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Extrovert Depression

Extroverts are known to be inviting, easy to agree with, and very confident in social circles. Simply put, anyone referred to as the life of the party, is an extrovert. It is harder for others to see an extrovert as anything more than that. Remember the story of Cinderella? Everybody loved her in a glass slipper and they could hardly imagine that she was the same girl that was locked in the house on the night of the ball. Moral of the story? Just because someone is happy, outgoing, sociable, warm, and gorgeous does not mean that they do not suffer from depression.

The way introverts experience depression is different from the way extroverts suffer depression. Depression in extroverts goes against the norms of depression. Extroverts enjoy being around people because they draw their energy from others. Normally depressed people don’t like being around people. An extrovert finds it hard to be happy on their own and depends on the presence of others to be happy. They have a lot of energy and will always be loud and active to retain the presence of others. This will lead to a lot of fatigue.

A depressed extrovert feels that they are not allowed to be depressed because it is their role to fix things. Rarely will people ask them how they are doing because people assume that extroverts have no real problems? This is because extroverts always seem happy, composed and their life is figured out. Some extroverts cry themselves to sleep because they feel no one understands how lonely they are.  After all, it is draining to be the life of the party. When left alone, the thoughts of an extrovert seem so foreign and uncertain to them.

Extroverts are very expressive. But when depressed, they lose the energy to express themselves.  When depressed, extroverts feel that whatever they say is diminished and brushed off because naturally, people expect them to always be happy. As a result, extroverts are not taken seriously. People do not believe that extroverts also struggle.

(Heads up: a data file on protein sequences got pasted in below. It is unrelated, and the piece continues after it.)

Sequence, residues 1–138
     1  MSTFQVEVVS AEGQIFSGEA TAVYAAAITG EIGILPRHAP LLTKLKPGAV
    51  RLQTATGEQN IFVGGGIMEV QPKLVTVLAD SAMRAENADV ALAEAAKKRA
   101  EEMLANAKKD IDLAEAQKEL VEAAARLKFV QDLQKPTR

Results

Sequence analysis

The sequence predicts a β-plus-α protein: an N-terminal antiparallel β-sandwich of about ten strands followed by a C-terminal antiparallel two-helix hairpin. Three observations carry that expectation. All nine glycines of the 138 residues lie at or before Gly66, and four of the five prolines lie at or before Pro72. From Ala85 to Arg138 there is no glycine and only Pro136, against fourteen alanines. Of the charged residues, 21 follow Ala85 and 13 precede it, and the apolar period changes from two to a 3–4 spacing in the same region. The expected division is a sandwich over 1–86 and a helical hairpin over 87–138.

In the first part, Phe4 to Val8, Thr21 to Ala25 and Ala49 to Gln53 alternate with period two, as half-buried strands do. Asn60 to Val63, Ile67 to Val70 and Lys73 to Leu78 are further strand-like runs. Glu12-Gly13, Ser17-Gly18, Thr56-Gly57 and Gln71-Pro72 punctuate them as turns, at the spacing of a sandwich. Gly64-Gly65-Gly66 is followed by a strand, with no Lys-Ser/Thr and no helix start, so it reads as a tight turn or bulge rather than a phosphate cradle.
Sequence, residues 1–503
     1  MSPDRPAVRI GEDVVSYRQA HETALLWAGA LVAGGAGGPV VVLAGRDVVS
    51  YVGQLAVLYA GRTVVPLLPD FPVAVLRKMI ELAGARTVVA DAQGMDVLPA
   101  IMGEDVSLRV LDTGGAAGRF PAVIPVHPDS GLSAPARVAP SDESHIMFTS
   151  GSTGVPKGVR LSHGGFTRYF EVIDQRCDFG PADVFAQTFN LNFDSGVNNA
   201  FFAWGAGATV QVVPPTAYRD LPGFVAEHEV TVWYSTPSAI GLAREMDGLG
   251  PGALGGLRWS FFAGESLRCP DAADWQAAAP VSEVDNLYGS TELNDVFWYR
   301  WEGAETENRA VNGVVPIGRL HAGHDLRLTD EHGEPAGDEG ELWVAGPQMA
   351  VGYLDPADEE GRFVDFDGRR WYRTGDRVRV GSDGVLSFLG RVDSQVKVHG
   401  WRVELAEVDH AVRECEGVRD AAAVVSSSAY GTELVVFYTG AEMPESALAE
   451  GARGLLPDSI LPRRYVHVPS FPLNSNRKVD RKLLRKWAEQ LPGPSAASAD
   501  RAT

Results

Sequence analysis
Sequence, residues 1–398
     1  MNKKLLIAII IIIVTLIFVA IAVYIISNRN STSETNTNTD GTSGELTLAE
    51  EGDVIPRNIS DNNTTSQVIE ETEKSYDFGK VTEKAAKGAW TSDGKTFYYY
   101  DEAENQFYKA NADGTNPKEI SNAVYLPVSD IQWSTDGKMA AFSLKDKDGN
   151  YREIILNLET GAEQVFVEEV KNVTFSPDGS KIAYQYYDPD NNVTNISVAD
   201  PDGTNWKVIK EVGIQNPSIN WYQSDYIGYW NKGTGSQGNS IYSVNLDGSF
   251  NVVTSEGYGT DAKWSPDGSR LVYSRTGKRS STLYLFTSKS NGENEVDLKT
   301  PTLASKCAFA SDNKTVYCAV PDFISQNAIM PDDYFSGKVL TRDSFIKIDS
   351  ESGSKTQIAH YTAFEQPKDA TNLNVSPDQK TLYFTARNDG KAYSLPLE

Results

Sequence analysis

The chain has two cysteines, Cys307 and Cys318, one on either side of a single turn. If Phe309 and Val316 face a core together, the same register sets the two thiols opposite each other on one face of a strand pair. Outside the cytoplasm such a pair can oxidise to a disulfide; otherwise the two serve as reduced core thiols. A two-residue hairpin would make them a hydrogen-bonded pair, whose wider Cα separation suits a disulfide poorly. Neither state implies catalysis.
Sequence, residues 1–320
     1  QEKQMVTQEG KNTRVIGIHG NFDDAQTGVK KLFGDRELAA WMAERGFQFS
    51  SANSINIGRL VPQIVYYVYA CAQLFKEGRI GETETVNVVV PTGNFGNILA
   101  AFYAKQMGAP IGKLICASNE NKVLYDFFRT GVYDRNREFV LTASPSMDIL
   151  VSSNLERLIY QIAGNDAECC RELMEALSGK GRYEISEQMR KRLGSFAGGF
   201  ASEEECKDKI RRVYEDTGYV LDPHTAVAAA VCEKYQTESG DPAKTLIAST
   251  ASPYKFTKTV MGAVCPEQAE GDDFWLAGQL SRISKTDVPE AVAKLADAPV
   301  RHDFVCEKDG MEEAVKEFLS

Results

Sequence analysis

Most extroverts have the constant need to be there for everyone but themselves. Or rather continuously solve everyone’s problems but their own that it has become their lifestyle. When extroverts are depressed, they are too ashamed to tell others that they need a break because their depression is serious, and even if they do joke around, they sometimes can’t get out of bed because their depression is impairing. They are embarrassed to admit they look tired because they have spent all night crying — for no reason — and confused as to why they were crying and didn’t get any sleep. The fact that extroverts cannot help others fix their problems makes it worse for them because then they are out of their element. It also makes extroverts notice their problems through magnifying lenses. This may result in anxiety, hopelessness, and a debilitating sense of self-esteem and worth.

You know how people always say, “He was so happy, and how did he end his life just like that?” “He was always there for everyone and looked like he had everything in control. What happened to him?” “How could such a happy, dedicated, enthusiastic person end his life?”  They do not realize the struggle the extroverts were having inside. Depression in extroverts isn’t about being happy or being sad. It can’t be rationalized like that; it is more than that. This makes suicide cases in extroverts rather complex.


Article was written by Elizabeth Taabu